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Print - The Toilette of Salome I
  • The Toilette of Salome I
    Beardsley, Aubrey Vincent, born 1872 - died 1898
  • Enlarge image

The Toilette of Salome I

  • Object:

    Print

  • Place of origin:

    London (made)
    London (published)

  • Date:

    1894 (first published)
    1907 (published)

  • Artist/Maker:

    Beardsley, Aubrey Vincent, born 1872 - died 1898 (artist)
    Lane, John, born 1854 - died 1925 (publisher)

  • Materials and Techniques:

    Line block print on Japanese vellum

  • Credit Line:

    Given by Michael Harari, in memory of his father, Ralph A. Harari

  • Museum number:

    E.434-1972

  • Gallery location:

    Prints & Drawings Study Room, level E, case I, shelf 50, box E

Physical description

Black and white line block print on Japanese vellum depicting Salome, who is seated and is naked apart from a wrap, in front of a Godwin-style dressing table on which are numerous ornaments and books, as well as a vase of flowers. A bald pierrot of a barber stands to the side of Salome attending to her, a small powder puff in his left hand, whilst a naked page appears on the right of the image, holding a tray complete with refreshments. To the left of the design are two figures: a semi-naked woman holding a stringed instrument and a seated naked man, possibly in the act of masturbating. In the background of the image is a window, which is partially obscured by curtains.

Place of Origin

London (made)
London (published)

Date

1894 (first published)
1907 (published)

Artist/maker

Beardsley, Aubrey Vincent, born 1872 - died 1898 (artist)
Lane, John, born 1854 - died 1925 (publisher)

Materials and Techniques

Line block print on Japanese vellum

Marks and inscriptions

'PLATE XIII'
Printed text in the lower left hand corner of the sheet

Signed with the artist's monogram in the lower right hand corner of the image.

Dimensions

Height: 343 mm sheet, Width: 272 mm sheet, Height: 224 mm image, Width: 161 mm image

Object history note

From 'A Portfolio of Aubrey Beardsley's drawings illustrating 'Salome' by Oscar Wilde'. Second issue. Published by John Lane, London [1907]. With contents sheet in letterpress and 17 plates [E.422 to 438-1972] in a portfolio of grey-green paper boards, half bound in vellum, with green silk tapes, stamped in gold with title and the rose-bush motif from the 1894 edition. With the stamp of A. Lang Buchhandlung Moskau inside the front cover.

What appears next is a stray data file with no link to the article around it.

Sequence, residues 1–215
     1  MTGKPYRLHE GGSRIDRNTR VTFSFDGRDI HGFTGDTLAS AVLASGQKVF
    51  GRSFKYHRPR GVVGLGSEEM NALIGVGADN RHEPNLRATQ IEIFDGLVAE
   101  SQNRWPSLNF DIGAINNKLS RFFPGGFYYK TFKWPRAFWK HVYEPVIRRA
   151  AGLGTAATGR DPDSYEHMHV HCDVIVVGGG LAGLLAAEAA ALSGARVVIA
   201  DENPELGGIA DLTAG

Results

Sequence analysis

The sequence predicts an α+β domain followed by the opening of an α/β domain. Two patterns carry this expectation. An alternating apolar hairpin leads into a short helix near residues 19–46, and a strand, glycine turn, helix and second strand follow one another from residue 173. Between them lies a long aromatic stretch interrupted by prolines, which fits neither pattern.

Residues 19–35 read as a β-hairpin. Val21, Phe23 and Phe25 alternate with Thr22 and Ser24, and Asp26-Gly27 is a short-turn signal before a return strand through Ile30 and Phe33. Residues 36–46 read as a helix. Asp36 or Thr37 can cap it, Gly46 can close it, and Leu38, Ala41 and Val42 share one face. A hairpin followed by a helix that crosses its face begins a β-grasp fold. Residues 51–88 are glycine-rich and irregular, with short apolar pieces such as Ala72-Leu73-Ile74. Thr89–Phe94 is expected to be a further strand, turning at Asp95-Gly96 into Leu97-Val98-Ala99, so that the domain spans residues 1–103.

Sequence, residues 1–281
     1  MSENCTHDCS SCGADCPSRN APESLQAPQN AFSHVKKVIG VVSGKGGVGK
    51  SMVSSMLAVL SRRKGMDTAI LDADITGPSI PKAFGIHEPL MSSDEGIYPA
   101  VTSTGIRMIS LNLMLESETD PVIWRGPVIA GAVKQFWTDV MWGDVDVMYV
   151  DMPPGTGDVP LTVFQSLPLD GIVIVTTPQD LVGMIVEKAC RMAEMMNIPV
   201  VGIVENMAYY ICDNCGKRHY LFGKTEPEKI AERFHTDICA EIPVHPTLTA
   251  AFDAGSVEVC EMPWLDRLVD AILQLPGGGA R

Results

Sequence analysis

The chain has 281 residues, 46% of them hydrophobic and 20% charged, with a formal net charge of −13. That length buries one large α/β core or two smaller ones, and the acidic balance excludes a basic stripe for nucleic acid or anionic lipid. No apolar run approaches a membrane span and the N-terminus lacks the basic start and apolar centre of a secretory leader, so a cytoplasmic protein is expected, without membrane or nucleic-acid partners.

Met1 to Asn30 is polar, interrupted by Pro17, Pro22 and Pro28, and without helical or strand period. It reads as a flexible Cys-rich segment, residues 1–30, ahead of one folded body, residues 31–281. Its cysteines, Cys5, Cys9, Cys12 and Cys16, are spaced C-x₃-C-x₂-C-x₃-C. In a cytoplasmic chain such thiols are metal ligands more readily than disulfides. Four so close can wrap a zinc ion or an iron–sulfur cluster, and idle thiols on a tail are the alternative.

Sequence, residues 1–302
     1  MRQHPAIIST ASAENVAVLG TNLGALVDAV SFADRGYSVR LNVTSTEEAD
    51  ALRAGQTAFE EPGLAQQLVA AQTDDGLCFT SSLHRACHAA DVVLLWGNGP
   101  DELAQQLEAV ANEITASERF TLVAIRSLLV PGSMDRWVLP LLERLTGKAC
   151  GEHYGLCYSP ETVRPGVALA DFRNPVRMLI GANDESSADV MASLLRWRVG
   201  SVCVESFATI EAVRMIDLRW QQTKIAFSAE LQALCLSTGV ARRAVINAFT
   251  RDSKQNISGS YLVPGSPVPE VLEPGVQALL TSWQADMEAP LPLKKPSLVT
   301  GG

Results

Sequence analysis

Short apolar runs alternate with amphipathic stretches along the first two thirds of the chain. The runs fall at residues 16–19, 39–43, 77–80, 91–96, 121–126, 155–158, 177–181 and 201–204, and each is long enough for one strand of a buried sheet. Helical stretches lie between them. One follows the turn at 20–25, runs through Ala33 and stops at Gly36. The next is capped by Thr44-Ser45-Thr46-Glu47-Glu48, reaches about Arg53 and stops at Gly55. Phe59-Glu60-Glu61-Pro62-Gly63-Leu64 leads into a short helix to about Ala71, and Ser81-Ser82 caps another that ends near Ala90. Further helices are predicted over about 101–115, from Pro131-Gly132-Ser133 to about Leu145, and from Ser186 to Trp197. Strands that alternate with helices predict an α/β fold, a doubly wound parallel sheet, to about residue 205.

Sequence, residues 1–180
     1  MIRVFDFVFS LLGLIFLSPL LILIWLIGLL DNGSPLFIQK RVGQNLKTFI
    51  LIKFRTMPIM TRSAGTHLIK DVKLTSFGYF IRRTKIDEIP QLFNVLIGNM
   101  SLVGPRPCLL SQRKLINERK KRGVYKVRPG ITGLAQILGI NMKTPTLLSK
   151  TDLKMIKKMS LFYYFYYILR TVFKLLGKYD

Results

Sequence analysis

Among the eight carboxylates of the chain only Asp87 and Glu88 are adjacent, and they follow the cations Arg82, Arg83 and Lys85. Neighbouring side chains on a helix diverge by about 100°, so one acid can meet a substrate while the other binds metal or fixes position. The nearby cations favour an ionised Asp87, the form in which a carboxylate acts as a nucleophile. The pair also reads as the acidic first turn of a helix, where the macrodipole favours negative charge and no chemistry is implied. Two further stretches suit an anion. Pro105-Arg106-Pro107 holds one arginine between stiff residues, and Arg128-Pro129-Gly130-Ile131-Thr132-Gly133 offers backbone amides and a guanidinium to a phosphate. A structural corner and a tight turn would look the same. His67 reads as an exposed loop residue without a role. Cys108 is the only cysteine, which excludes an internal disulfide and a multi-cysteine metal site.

The plates are no longer in the portfolio but are now mounted separately.

This image, the original design for 'The Toilette of Salome' (E.434-1972) was deemed unacceptable by the publishers and so Beardsley was asked to provide another design (E.433-1972). According to Stephen Calloway in his book, Aubrey Beardsley, London: V&A Publications, 1998, pp. 75-77: 'At least three of Beardsley's drawings were considered quite 'impossible' by Lane and his unofficial censorship board. The most problematic of all was the first version of The Toilet of Salome, a scene in which Salome is seen seated, naked except for a vague suggestion of a wrap, at a thoroughly modern dressing-table with elegant attenuated legs in ebonised wood in the smart, Aesthetic Movement style of E.W. Godwin. Apart from the curious extent to which, in setting and characterisation, the illustration wilfully strayed from Wilde's text in which no such episode occurs, the figure of Salome herself appears from the heavy lids of her eyes and dreamy smile, from the erect profile of the nipple of her bare breast and, not least, from the position of her hand, to be quite obviously lost in a masturbatory reverie. Indeed, on closer inspection of the supporting figures and incidental details, it is clear that the entire image is full of other, more coded references to depravity, any of which might, however, have proved all too easy for a nineteenth-century audience to read. These included not just the facial and physical looks and gestures of the other attendants, but also subtle details such as the bent spine (thought by most moral Victorian observers to be an inevitable outcome and overt evidence of solitary vice) exhibited by the sexually ambiguous - and also masturbating - creature seated in the foreground on a fashionable Moorish stool.'

Descriptive line

Print by Aubrey Beardsley, 'The Toilette of Salome I', plate XIII from 'A Portfolio of Aubrey Beardsley's drawings illustrating 'Salome' by Oscar Wilde', published by John Lane, London, 1907, line block print on Japanese vellum

Bibliographic References (Citation, Note/Abstract, NAL no)

Guy Cogeval and Beatrice Avanzi, eds. de la Scene au Tableau Rovereto: MART - Museo di Arte Moderna e Contemporanea di Trento e Rovereto, 2009. ISBN: 978-2-0812-2944-0.
Victoria and Albert Museum Department of Prints, Drawings and Paintings Accession Register for 1972
Calloway, Stephen. Aubrey Beardsley. London: V & A Publications, 1998. 224pp, illus. ISBN: 1851772197.

Production Note

First printed in 1894; this print is from the second edition, 1907.

Materials

Japanese vellum

Techniques

Line block

Categories

Prints; Illustration; Theatre; Books; Designs; Gender and Sexuality

Collection

Prints, Drawings & Paintings Collection

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